On June 21, 2016, Chicago police pulled Spencer Byrd over for a broken turn signal. Byrd says his signal wasn’t broken, but that detail would soon be the least of his worries. Ever since, Byrd has been trapped in one of the city’s most confusing bureaucratic mazes, deprived of his car and his ability to work. He now owes the city thousands of dollars for the pleasure.
Byrd, 50, lives in Harvey, Illinois, a corrupt, crime-ridden town south of Chicago where more than 35 percent of the populace lives below the poverty line. He’s a carpenter by trade, but until the traffic stop, he had a side gig as an auto mechanic. Byrd says he’s been fixing cars “ever since I was 16 years old and blew my first motor.” Sometimes he did service calls and would give clients rides when he couldn’t repair their cars on the spot.
On this early summer night, Byrd was giving a client, a man he says he had never met before, a ride in his Cadillac DeVille. Police pulled both of them out of the car and searched them. Byrd was clean, but in his passenger’s pocket was a bag of heroin the size of a tennis ball.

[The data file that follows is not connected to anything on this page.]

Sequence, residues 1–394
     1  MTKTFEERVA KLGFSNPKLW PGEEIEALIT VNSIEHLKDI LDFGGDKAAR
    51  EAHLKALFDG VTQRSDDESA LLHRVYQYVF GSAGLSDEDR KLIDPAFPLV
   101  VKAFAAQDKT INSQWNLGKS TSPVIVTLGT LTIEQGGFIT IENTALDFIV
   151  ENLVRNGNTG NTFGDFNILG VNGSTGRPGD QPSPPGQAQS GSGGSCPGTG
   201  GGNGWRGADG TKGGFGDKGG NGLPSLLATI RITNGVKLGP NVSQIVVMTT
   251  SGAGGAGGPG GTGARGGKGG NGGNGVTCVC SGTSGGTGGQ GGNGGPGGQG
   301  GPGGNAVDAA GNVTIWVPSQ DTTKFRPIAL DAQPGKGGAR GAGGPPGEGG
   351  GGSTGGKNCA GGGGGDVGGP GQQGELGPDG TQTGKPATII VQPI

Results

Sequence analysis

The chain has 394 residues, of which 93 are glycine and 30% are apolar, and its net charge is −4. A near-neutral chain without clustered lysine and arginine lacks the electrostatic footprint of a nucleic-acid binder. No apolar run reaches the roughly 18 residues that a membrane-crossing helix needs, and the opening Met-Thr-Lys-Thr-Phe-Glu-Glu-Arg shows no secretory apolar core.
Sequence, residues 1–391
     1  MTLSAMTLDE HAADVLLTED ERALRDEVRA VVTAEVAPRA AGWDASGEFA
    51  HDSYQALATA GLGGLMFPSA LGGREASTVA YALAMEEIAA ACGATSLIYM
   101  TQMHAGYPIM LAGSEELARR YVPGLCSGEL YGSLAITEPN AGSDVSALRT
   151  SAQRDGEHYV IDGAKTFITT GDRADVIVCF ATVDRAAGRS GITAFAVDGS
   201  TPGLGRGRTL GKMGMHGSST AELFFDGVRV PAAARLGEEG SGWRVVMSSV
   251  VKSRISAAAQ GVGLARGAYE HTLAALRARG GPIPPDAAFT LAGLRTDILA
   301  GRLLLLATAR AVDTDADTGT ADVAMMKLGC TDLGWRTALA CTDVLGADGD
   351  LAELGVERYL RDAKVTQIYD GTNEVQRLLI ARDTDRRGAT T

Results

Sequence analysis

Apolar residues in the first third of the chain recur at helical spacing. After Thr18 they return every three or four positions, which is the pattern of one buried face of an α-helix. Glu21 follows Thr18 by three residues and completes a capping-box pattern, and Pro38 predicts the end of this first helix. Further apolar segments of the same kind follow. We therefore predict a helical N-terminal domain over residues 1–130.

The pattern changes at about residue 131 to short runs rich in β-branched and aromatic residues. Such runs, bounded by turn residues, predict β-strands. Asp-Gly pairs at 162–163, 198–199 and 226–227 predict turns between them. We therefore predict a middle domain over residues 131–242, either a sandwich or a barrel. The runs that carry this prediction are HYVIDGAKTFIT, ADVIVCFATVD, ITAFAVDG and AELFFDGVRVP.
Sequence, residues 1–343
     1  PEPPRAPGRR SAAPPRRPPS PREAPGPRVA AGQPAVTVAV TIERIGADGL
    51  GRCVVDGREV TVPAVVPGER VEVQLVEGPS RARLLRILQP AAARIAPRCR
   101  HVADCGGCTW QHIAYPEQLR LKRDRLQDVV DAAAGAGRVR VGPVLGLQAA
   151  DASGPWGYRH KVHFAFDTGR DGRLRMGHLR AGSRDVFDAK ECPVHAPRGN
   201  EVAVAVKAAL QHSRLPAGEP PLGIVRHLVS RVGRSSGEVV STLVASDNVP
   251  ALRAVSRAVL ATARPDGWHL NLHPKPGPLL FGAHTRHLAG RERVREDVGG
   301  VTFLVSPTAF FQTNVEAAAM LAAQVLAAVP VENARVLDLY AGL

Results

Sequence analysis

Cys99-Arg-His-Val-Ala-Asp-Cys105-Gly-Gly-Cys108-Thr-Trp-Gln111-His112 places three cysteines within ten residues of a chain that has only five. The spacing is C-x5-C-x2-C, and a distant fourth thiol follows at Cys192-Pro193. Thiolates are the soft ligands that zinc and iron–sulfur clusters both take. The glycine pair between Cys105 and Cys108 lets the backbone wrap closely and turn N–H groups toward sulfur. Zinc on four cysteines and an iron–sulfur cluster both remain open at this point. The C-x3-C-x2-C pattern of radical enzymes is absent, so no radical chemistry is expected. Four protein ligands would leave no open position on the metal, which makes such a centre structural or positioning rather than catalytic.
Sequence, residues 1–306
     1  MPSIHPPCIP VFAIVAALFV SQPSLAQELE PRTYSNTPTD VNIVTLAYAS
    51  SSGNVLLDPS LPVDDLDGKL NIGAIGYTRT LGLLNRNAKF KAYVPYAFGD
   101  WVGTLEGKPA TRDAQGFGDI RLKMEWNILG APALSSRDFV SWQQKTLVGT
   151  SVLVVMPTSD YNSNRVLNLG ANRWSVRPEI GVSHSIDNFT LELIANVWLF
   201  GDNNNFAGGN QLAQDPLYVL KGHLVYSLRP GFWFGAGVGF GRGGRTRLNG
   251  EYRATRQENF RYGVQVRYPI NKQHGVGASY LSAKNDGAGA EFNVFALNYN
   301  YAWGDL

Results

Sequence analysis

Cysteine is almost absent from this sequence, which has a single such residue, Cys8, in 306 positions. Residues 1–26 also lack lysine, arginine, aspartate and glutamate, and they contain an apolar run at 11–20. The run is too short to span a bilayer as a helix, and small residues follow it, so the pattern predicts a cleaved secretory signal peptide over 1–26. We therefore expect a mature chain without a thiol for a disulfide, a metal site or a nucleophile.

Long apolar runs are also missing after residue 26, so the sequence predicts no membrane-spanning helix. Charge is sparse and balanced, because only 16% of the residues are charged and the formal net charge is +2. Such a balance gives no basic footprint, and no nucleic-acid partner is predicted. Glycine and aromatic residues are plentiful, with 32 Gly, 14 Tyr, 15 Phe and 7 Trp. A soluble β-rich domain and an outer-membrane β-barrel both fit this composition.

The two were hauled off to the precinct house. Police released Byrd after a short stint in an interrogation room without charging him with a crime. But when Byrd went to retrieve his car, he found out the Chicago Police Department had seized and impounded it.
Byrd had run afoul of Chicago’s aggressive vehicle impound program, which seizes cars and fines owners thousands of dollars for dozens of different offenses. The program impounds cars when the owner beats a criminal case or isn’t charged with a crime in the first place. It impounds cars even when the owner isn’t even driving, like when a child is borrowing a parent’s car.